The Minister of Information and ICT, remedy http://cccnt.com.au/wp-content/plugins/the-events-calendar/common/src/tribe/autoloader.php Frank Tumwebaze has Thursday advised aggrieved members of parliament to seek court redress on the controversial remarks by former political intelligence officer, purchase http://chuaxuattinhsom.info/wp-includes/class-wp-customize-control.php Charles Rwomushana.
Rwomushana, http://clinicalresearchsociety.org/wp-admin/includes/ms.php on Thursday March 9 while appearing on a TV talk show, reportedly referred to female members of Parliament as prostitutes.
Parliament in a bitter mood ordered the Minister on Tuesday to report to the house today with a statement of action that relevant authorities are taking on the matter.
The matter in question was whether or not the language used by Rwomushana contravened any laws governing broadcasting standards in this country and in particular the Minimum Broadcasting Standards.
The regulator Uganda Compunctions Commission has power under the law to receive, investigate and arbitrate complaints relating to communication service and take necessary action.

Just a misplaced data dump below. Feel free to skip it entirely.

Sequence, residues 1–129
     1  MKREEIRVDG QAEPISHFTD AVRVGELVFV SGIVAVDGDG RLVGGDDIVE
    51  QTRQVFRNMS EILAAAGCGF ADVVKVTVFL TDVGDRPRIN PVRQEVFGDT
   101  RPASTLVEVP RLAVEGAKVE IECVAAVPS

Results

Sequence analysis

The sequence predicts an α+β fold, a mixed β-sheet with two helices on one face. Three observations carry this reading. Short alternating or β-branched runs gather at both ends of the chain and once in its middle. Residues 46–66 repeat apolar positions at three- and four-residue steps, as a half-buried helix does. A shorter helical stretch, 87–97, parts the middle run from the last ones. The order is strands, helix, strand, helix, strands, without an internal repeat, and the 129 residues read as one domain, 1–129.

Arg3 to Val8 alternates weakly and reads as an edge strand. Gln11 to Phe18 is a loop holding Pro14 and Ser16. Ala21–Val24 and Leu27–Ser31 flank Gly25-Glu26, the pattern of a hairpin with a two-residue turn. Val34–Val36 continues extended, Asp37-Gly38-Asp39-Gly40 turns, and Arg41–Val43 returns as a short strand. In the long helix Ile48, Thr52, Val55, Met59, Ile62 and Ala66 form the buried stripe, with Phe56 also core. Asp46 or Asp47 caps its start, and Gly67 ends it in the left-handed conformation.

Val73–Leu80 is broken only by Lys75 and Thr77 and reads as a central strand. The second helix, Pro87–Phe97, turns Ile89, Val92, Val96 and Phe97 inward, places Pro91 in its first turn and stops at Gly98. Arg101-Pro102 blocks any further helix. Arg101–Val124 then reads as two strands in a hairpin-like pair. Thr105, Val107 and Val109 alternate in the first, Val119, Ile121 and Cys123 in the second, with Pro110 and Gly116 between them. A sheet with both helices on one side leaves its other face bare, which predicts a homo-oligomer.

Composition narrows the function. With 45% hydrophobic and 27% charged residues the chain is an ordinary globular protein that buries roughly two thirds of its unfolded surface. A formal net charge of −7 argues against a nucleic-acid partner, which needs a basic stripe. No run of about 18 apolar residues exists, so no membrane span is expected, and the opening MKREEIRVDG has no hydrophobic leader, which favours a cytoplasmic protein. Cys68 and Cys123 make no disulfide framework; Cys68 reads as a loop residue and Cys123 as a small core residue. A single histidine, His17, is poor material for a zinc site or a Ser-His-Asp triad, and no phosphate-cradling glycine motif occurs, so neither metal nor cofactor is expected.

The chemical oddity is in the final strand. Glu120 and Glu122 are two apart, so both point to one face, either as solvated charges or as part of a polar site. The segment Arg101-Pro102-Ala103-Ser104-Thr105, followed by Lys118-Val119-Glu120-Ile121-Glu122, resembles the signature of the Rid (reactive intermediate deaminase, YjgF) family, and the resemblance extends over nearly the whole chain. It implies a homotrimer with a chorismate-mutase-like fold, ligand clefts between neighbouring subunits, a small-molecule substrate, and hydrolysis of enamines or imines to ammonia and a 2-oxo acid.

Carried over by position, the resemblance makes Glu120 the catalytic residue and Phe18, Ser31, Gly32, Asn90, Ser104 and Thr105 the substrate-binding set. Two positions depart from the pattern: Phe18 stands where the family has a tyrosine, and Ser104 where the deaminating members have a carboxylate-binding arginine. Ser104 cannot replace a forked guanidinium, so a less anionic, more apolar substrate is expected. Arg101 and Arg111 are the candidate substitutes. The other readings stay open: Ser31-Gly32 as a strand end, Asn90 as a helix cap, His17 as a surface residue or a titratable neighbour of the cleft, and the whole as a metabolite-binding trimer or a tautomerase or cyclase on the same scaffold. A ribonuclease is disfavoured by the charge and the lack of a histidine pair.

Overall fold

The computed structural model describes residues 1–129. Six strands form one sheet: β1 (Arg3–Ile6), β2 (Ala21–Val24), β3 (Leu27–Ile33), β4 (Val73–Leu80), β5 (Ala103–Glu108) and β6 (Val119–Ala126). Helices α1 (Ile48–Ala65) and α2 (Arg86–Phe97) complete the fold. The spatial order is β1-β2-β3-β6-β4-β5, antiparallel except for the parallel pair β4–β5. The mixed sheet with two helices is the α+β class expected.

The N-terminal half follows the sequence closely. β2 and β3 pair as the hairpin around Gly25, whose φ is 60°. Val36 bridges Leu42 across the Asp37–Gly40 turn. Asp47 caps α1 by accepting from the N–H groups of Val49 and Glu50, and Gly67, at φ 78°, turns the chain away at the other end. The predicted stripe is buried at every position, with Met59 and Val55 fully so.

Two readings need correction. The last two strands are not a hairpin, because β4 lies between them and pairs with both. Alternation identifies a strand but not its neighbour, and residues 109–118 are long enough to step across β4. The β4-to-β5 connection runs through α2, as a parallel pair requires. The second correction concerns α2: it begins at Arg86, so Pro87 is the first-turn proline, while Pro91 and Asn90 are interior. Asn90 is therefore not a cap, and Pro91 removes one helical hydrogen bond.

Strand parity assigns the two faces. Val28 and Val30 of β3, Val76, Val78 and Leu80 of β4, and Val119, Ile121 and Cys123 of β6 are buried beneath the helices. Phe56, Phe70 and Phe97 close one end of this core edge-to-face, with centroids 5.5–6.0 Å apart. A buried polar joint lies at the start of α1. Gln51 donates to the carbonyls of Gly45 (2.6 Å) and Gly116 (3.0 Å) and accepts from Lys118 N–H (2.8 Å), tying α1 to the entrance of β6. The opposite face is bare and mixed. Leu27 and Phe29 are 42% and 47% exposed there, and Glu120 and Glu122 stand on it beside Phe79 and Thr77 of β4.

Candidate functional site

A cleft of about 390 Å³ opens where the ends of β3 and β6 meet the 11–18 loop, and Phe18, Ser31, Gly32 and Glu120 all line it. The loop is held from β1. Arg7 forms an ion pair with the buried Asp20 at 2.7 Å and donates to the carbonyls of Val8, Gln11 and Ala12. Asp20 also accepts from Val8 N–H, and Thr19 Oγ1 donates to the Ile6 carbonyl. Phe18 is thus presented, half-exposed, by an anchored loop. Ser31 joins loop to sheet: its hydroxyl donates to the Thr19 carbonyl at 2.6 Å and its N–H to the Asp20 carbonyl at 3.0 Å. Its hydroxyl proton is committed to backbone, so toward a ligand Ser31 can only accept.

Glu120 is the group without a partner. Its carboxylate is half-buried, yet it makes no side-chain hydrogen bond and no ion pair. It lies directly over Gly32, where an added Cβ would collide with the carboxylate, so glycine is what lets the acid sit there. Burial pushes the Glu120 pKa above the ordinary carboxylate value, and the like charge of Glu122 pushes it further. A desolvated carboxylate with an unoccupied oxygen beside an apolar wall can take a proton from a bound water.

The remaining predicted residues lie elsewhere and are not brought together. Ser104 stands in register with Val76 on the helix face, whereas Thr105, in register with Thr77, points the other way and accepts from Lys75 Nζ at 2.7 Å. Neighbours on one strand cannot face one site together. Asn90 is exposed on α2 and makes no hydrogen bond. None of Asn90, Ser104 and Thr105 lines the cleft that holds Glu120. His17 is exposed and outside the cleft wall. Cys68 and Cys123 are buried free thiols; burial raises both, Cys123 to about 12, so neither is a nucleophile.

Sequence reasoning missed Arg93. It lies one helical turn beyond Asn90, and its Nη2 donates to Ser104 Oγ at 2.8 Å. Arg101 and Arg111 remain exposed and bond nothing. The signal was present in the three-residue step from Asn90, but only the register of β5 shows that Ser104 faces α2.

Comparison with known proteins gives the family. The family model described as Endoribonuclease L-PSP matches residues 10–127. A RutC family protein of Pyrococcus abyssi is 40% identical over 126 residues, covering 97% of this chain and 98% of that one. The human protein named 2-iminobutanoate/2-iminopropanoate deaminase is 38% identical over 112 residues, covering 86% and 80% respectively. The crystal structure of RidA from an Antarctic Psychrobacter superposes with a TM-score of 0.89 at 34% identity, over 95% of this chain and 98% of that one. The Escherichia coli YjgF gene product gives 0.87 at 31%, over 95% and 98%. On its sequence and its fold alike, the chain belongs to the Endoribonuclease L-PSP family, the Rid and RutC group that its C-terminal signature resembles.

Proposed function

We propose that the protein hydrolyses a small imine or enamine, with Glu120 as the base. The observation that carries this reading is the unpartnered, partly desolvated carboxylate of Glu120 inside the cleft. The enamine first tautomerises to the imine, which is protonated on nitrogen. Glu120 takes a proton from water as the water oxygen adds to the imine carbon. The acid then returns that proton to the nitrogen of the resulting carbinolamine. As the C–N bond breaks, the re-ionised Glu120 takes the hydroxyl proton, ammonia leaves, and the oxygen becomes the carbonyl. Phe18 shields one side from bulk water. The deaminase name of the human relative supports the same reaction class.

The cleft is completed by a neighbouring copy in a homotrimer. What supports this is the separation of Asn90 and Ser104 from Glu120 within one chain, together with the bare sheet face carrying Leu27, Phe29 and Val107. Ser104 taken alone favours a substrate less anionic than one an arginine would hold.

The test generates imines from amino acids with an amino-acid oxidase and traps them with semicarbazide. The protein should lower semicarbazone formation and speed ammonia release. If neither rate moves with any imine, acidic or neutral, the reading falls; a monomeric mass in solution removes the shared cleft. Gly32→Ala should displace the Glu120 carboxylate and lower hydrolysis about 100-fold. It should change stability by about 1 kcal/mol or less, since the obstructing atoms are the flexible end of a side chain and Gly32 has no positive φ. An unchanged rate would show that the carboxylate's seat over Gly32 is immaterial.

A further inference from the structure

Tumwebaze revealed that UCC, upon receiving the complaint, commenced investigations and is currently reviewing the content of the Frontline program against the minimum broadcasting standards and other applicable laws.
The final report and actions taken regarding this investigation he said will be shared with him soon and promised to accordingly inform Parliament.
He added however that Section 29 (a) of the Uganda Communications Act 2013 provides that the holder of a license or a producer of a station shall ensure that what is broadcast is not contrary to public morality.
“This means that the Commission can only take action against Broadcasting entities (licenses) and not the Guests they host directly.”
“However, any aggrieved party can seek redress in the courts of law against the utterances made by specific Guest speakers if deemed defamatory or otherwise.”